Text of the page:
participants divided evenly into three groups of five. Participants picked
a random number out of a cup to make the division not bias.
were separated into different groups.
went first. I timed the participants over a distance of 1 mile which is 4
laps around a track, each at a different time running alone.
tested the participants each when running with the entire group over that same
process was repeated for groups two and three also. All results were
written in my chart.
session was held after the experiment was completed.
My target population was an
opportunity sample. The participants of my study were chosen from members of my
soccer team. My soccer team, ages seventeen to eighteen, volunteered to participate
in the testing. All participants were active, which meant that they were all on
the same athletic level, helping the calculations to be more accurate. The
group was chosen randomly and I only had fifteen people participating.
For my experiment, I put together an
ordinal data. My data was ordinal because it can be tiered. I made the charts (see
appendix) that showed the times of each person tested when they ran the mile alone
and when they ran with a group. This chart made it possible for me to compare
each person and their fastest time.
In whole, out of the fifteen
participants that took part in this experiment, twelve participants showed a
better performance when running against others. Better performance means finishing the
distance in a faster time than the time when ran alone. My hypothesis was
correct in my study. I came to the
conclusion that social facilitation was accurate in my experiment.
In Triplett’s study, his results proved
that the bikers he tested performed better in a group than when they were
alone. My results were fairly similar to Triplett’s. I discovered that when time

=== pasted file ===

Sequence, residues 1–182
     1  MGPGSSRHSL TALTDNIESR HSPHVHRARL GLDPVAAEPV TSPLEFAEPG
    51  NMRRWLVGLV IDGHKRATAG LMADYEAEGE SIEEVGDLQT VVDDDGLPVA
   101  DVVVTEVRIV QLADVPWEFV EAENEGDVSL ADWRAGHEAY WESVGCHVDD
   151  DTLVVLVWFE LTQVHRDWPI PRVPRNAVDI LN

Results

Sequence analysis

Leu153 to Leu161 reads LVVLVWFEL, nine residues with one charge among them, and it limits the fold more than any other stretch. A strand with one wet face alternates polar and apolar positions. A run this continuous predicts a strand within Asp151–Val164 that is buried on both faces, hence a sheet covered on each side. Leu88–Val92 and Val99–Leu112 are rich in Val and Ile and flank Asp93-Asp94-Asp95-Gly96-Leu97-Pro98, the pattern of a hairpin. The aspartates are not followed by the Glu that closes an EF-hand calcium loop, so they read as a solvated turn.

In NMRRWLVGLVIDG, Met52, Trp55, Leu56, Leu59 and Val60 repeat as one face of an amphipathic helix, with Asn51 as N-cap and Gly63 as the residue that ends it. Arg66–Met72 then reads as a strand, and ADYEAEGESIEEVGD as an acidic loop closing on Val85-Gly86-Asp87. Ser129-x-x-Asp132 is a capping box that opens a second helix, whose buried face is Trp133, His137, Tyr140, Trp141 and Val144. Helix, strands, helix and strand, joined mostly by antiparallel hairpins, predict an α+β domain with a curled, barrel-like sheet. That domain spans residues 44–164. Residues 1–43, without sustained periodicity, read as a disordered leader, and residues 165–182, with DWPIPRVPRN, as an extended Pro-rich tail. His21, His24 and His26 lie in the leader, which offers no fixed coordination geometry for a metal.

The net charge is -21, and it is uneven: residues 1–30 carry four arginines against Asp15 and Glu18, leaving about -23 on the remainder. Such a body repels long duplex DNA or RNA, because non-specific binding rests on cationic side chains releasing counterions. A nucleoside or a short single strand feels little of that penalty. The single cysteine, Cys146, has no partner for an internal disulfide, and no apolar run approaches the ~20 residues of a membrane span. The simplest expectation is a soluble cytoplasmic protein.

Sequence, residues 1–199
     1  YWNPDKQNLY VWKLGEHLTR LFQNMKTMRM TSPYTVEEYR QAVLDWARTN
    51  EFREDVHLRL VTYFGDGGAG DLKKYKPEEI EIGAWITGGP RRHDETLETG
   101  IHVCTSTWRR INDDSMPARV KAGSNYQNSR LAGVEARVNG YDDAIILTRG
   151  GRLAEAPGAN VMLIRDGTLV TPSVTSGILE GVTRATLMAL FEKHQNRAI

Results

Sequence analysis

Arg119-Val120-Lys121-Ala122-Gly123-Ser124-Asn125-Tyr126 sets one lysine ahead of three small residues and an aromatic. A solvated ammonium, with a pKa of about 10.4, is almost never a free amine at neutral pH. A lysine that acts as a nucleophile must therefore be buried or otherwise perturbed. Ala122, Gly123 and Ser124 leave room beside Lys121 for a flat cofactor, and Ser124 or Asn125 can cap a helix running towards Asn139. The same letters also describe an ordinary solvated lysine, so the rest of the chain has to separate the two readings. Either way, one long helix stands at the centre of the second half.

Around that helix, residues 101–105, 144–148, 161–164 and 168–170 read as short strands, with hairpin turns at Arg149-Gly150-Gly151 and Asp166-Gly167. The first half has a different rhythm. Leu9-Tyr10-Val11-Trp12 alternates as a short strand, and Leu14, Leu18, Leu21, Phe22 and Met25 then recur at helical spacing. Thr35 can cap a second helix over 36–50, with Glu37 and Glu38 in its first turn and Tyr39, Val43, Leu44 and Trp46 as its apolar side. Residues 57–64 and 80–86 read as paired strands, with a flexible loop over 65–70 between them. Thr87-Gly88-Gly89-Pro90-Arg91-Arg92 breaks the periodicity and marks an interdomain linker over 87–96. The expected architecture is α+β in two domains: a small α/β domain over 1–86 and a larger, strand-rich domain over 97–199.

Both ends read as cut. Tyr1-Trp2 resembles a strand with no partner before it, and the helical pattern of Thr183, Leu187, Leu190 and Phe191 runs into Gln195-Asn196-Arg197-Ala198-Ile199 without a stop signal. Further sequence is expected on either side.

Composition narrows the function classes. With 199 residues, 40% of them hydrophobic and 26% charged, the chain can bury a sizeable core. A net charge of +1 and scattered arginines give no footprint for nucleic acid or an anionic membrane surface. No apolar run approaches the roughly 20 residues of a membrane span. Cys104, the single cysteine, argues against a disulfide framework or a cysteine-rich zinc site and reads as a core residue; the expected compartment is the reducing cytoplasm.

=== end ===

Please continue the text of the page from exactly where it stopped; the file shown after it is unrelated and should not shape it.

of participants running alone, they were slower than when they were put into a
group. I predicted this outcome in my hypothesis and my experiment revealed
that my predictions are correct in this case study.
My experiment had some strengths
and weaknesses. I was very ethical throughout my experiment by showing the
participants respect and keeping them informed and aware of the process. This made
them be more compliant and easy to work with. In addition, another strength was
the method that I chose to use to gather the required data. On the other hand,
my main weakness was that I was restricted on the amount of participants that I
could test. Due to the fact that this experiment could not be conducted in a
classroom, I had to find a different group of people that were willing to
participate which was my soccer team. If I had the chance to experiment on a
more assorted class, my results could have been more accurate.
My results cannot be generalized
outside of the opportunity sample because it is a non-representative sample,
but I do trust that I have come to the right conclusion. Only thing ill chance
if I had the opportunity to redo this experiment is I would test the same
groups more than once, on different days so that certain influences such as
tiredness of the participants would not contribute to the results.
In conclusion, according to the
results of my replication of Triplett’s experiment based on social
facilitation, people perform better in groups compared to being alone.
McClelland, G. (2009). Social
Facilitation. Retrieved from
Mohamed, N. (n.d). Norman
Triplett’s Experiment. Retrieved from
Triplett’s Experiment on Social
Facilitation. (2014). Retrieved from
Triplett, N. (1898). The
Dynamogenic Factors in Pacemaking and Competition. The American
of Psychology, 9(4), 507-533.